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Contests & Activities: May 26, 2021 Issue [#10786]

 This week: Generic Genres
  Edited by: Jayne
                             More Newsletters By This Editor  

Table of Contents

1. About this Newsletter
2. A Word from our Sponsor
3. Letter from the Editor
4. Editor's Picks
5. A Word from Writing.Com
6. Ask & Answer
7. Removal instructions

About This Newsletter

We're taking a quick break from our Spotlight series to discuss some of the ins and outs of The Quill Awards. You might be surprised to find the information is helpful to more than just The Quills!

Word from our sponsor

Letter from the editor

When you create an item on WdC, you get to select the genre you're writing in.

You get to select up to three genres, actually.

But you probably don't.

Why not?

The most common reason I hear is, “because the item I wrote is X genre”. While that may be true, ask yourself if it appeals to a wider audience. Is your horror piece also ‘dark’? Maybe your ‘thriller’ piece focuses on some ‘psychology’ aspect? Could your ‘romance’ piece also be about a ‘relationship’? No one is suggesting you be disingenuous with your genre selections. This is about casting a wider, but still relevant, net.

After all, isn’t the point of putting your work out there to get it read? People often search by genre for things to read. A random read may hinge on how an item’s classified. The classification that gets eyeballs on your work might land you a rating, review, email, merit badge, Awardicon, or even a Quill nomination.

One question we frequently receive concerns why some people have so many nominations.

Well...they don’t. They may have several category nominations (short story, long poem, short poem, flash fiction, etc.), and that often happens for prolific writers who present their work in a variety of ways (newsfeed, contest entries, blog links, searchable items). But remember, everyone is limited to two such entries in any category.

So why are those same items seen over and over?


If you select three relevant genres that fall under Quill criteria, you automatically give yourself three extra categories to compete in.

Let’s take a fictional flash fiction prompt about a baker with a top-notch pie recipe who is also secret agent. I’m calling mine Apple Spy. You’re welcome.

Multiple authors may write completely unique pieces based on the scenario above. One may write a serious spy thriller where the pie thing is only a passing joke about their first assignment. Another may write a cosy mystery. A third author writes a story similar to the first author. I write Apple Spy. Someone nominates all four of us for a Flash Fiction Quill.

The first author picks “Thriller” as a genre, and nothing else. This means they’ll be eligible for awards in the overall Flash Fiction category, and the Thriller category. Two chances to win! But they missed out on two more chances!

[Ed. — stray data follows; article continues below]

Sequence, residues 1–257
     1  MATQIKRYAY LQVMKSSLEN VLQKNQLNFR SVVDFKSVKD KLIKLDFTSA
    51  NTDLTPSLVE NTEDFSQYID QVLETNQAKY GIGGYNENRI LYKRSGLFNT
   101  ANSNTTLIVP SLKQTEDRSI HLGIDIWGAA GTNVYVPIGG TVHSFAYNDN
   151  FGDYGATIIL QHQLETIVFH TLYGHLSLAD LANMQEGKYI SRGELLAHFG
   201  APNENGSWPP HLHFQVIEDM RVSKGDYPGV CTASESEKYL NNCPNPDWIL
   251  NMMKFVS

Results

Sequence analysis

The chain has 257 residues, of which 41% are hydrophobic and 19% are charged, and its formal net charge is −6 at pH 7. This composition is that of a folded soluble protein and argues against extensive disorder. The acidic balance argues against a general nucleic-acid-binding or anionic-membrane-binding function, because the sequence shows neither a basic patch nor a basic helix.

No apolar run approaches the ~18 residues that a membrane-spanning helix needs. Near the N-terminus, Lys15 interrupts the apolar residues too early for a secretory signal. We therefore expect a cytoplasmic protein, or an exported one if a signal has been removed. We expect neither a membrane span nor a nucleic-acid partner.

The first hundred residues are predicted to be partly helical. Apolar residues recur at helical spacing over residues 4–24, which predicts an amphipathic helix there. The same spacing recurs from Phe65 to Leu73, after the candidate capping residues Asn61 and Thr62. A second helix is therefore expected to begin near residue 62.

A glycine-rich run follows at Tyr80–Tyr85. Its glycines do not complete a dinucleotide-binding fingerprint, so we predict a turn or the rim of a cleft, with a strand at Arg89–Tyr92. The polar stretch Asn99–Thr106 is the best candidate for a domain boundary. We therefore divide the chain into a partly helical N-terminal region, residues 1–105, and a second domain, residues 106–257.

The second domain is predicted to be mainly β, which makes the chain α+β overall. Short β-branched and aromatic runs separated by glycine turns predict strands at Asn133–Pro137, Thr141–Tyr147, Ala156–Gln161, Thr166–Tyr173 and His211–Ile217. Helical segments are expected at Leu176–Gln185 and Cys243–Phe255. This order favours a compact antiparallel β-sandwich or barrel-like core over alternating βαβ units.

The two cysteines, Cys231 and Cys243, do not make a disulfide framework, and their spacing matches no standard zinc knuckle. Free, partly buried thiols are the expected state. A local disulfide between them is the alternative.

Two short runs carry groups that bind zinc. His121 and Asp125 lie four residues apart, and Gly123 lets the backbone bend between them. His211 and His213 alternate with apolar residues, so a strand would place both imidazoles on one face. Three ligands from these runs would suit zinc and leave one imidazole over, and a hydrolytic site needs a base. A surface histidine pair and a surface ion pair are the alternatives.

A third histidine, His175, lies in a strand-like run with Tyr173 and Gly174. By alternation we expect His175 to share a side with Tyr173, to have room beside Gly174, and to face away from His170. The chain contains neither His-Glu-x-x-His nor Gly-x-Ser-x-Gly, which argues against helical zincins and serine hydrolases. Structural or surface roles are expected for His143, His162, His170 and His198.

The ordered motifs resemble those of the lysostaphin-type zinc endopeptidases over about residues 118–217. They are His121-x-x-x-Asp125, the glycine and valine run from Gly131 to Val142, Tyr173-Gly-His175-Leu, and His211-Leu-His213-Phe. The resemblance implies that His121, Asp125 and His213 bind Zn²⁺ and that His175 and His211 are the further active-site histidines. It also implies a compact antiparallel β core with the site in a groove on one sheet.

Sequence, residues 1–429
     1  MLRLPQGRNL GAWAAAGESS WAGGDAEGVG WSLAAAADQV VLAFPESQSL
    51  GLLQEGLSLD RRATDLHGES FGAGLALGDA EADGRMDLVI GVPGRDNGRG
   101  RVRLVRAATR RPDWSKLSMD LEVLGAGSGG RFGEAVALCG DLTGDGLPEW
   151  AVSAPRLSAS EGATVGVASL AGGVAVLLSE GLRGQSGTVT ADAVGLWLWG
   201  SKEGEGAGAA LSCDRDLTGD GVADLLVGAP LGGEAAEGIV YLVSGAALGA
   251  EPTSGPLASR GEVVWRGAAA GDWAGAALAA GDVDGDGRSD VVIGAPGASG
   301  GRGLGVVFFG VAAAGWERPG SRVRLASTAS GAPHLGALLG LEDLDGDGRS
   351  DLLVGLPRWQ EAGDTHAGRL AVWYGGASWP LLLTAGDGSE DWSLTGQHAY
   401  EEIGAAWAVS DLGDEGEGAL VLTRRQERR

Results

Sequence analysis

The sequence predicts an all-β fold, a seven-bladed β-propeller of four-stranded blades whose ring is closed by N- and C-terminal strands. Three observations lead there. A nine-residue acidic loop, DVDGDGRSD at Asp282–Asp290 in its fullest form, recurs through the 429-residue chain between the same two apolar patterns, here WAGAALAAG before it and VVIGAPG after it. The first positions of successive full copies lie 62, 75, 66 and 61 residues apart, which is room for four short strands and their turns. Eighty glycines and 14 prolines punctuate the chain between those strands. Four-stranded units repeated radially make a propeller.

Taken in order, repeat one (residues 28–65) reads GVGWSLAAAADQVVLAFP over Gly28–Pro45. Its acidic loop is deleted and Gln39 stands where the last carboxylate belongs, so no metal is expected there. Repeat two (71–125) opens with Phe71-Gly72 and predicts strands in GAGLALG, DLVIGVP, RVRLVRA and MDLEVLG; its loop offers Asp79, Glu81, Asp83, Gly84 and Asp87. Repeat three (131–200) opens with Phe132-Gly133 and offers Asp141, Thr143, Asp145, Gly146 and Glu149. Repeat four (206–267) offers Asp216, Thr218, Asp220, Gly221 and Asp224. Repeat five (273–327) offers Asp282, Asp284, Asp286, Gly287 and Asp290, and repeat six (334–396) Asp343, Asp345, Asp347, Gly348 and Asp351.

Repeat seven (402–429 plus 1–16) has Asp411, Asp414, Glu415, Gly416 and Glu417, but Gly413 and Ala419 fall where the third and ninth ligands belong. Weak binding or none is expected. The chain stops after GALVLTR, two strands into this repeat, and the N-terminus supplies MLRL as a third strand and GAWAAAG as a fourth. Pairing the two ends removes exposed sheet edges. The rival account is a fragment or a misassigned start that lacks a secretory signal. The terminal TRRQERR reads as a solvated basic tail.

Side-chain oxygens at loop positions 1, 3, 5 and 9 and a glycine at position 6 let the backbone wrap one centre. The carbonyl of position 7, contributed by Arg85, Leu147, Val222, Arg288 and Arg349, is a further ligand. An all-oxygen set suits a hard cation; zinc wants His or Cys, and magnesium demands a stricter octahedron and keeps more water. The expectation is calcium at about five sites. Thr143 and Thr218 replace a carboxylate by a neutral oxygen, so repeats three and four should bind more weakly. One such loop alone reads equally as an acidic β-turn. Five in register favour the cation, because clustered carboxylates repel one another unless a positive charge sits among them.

The second author picks “Mystery”, “Comedy”, and “Other”. They’ll be eligible for awards in the Flash Fiction category, Mystery category, AND Comedy category. Three chances to win! They still missed out on one chance, though.

The third author picks “Thriller”. The piece has dark humour running through it, so they also select “comedy”. There’s also a strong romance subplot, so they choose “romance” as their third genre. They qualify for Flash Fiction, Thriller, Comedy, AND Romance. FOUR CHANCES!

I’m being lazy, or I’m in a rush (deadlines aren’t really my thing) and I click “other”. I never go back and consider who my audience is. At Quill time, I get one chance. Flash Fiction. That’s it.

Again, this is not about randomly assigning genres to pad your chances. In the community, no member likes to be duped into reading a piece labelled “romance” if there’s no significant romance component. This is about carefully choosing who your target readers are and what aspects of your pieces might overlap.

Sometimes you may really only have one genre. But don’t pick a genre and run because it’s less time-consuming. You’re doing yourself a disservice in getting eyes on your work, and should you receive a Quill nomination, you’re essentially declining the opportunity to be considered for the genre categories.

When a genre has low entries, The Quills team does its best to combine a few related genres. The combinations change depending on the genres authors choose. It’s possible two of your choices will end up as one category—but that makes it more important to explore all three options!

For reference, here's the genres the Quills do not use:

Contest Entry

I hope to see you and your three genres at The Quills 2021!

*Activities and contests have their own categories and should be properly identified through their genres. There is also a standalone award for best reviewing.

Editor's Picks

When you see great work, nominate it!

 2021 Nomination Form for Quill Awards  (E)
Nominate someone for a Quill!
#2145930 by Elle - on hiatus

Want to find more contests?

Contest Clues  (E)
List of WdC Contests, Challenges, and Fundraisers. Clues To What's Open, What's Not!
#2221492 by GeminiGem💎

Writing Contests @ Writing.Com  (E)
Writing Contests on Writing.Com are posted here.
#171898 by Writing.Com Support

Submit an item for consideration in this newsletter!

Word from Writing.Com

Have an opinion on what you've read here today? Then send the Editor feedback! Find an item that you think would be perfect for showcasing here? Submit it for consideration in the newsletter!

Don't forget to support our sponsor!

Ask & Answer

If you have questions about the Quills, respond to this newsletter and ask away! I'll answer in the next issue. Don't be shy! If you're wondering about something - someone else probably is, too!
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